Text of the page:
Thursday, May 15, 2008
When I heard they were reuniting, I did everything I could to implement upon myself a ninja-style media blackout pertaining to all-things Portishead. I avoided every mere mention of the band, every piece of news, and every live cut orbiting the blogosphere for the last 6 months. In fact, in the two weeks following the release of Third, I must have made three trips to purchase this record, only to leave empty-handed every time. I just couldn’t do it. I couldn’t risk the potential for a band so intrinsically linked to my musical upbringing (not to mention a band I absolutely adore) to somehow fail artistically upon their reunion. It turns out that my hesitation was unjustified.
While Beth Gibbons’ vocal oeuvre has been noted to stand as a bit one-dimensional at times, Third sees her exploring new melodic and lyrical territory, all the while maintaining her ability to dig her nails into the ventricles of your heart. The album opens with “Silence,” a jungle meets break-beat offering that quells any expectations for what one thought the Third should/would sound like. This track, along with “Plastic” and “Hunter,“ inhabits a more jigsaw-like territory than any songs contributing to the velvety-flow of their first two albums; its elements cobbled-together in a jaggedly abrupt, but never distracting manner.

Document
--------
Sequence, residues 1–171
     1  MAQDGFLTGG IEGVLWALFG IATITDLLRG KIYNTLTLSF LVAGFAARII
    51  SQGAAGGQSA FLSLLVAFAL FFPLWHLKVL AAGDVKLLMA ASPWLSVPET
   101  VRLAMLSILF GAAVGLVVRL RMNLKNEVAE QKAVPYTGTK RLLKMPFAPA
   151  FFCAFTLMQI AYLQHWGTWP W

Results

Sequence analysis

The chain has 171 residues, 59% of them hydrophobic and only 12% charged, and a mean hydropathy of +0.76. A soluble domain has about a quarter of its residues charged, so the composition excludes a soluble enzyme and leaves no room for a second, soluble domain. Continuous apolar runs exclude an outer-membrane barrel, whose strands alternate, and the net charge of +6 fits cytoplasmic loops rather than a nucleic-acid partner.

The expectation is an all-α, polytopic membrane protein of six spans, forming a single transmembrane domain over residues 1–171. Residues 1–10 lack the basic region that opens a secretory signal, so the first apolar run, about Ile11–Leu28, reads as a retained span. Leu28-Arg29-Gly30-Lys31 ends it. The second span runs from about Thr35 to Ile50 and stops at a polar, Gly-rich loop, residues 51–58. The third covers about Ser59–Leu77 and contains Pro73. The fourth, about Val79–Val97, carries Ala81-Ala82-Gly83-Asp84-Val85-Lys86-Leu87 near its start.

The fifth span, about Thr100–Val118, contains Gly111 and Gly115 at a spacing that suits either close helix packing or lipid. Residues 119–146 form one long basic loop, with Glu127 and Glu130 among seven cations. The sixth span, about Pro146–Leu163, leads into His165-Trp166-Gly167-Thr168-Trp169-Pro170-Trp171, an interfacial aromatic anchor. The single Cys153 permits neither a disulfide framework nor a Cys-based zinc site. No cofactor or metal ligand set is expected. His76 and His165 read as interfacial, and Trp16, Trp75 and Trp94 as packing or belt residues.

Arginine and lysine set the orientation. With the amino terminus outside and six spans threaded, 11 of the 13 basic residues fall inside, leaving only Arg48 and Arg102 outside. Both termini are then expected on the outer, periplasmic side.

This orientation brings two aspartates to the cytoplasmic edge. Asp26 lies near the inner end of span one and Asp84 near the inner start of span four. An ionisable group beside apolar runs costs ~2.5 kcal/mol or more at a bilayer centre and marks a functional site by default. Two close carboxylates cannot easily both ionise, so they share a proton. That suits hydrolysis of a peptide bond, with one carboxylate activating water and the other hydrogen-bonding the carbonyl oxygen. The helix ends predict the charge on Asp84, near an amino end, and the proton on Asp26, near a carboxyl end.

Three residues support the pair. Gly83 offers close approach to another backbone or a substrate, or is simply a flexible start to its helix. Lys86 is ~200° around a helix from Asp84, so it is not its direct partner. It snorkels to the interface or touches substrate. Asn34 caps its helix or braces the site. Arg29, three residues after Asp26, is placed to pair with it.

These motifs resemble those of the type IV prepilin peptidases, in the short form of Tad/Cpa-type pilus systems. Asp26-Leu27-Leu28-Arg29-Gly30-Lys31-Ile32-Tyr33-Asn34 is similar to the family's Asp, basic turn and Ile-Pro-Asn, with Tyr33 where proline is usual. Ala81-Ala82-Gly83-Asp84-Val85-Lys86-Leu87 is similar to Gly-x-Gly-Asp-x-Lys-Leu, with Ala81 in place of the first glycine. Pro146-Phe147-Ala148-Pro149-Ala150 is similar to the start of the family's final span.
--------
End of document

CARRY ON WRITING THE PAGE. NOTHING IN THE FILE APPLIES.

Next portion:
To contrast against the rip and paste aesthetic of the previously mentioned tracks, most of the remainder of the record’s songs are unbending and repetitive (but not at all in a negative way). Songs like “Nylon Smile” become intoxicating and hypnotic, nesting themselves into the dusty and unused corner of your conscious; a part you weren’t quite sure was there but are happy to discover, much in the same manner as Syd Barrett’s solo work (though, by a very different approach). “We Carry On,” with its proto-industrial rhythm fits this mold (it’s like Stereolab with teeth), as does “Machine Gun,” which is more creepy and paranoid (and adventurous) than anything the band has ever released. The song’s conclusion melts away into the territory of a lost Vangelis track, and would feel at home among Blade Runner’s end-credits. It should be noted, however, that the song-title and staccato-snare framework of “Machine Gun” were used on Hendrix’s Band of Gypsys 28 years prior to the release of Third (Portishead should’ve done their homework and named it something different, I guess).
Third’s standout tracks are “Small,” a gothic chamber-opera bookended by a synth-driven darkwave meltdown, and “The Rip,” which is perhaps the best song the band has ever written (unique and fragile, the song inches towards its conclusion of a claustrophobic heartbeat’s pulse and the whir of a lover’s blood coursing just beyond the boundary of their breast). It is undeniably beautiful, expectedly melancholy, and wholly addictive, which leaves the question: if Portishead had this kind of material in them all along, why have they been hiding?
by Jesse Robert W.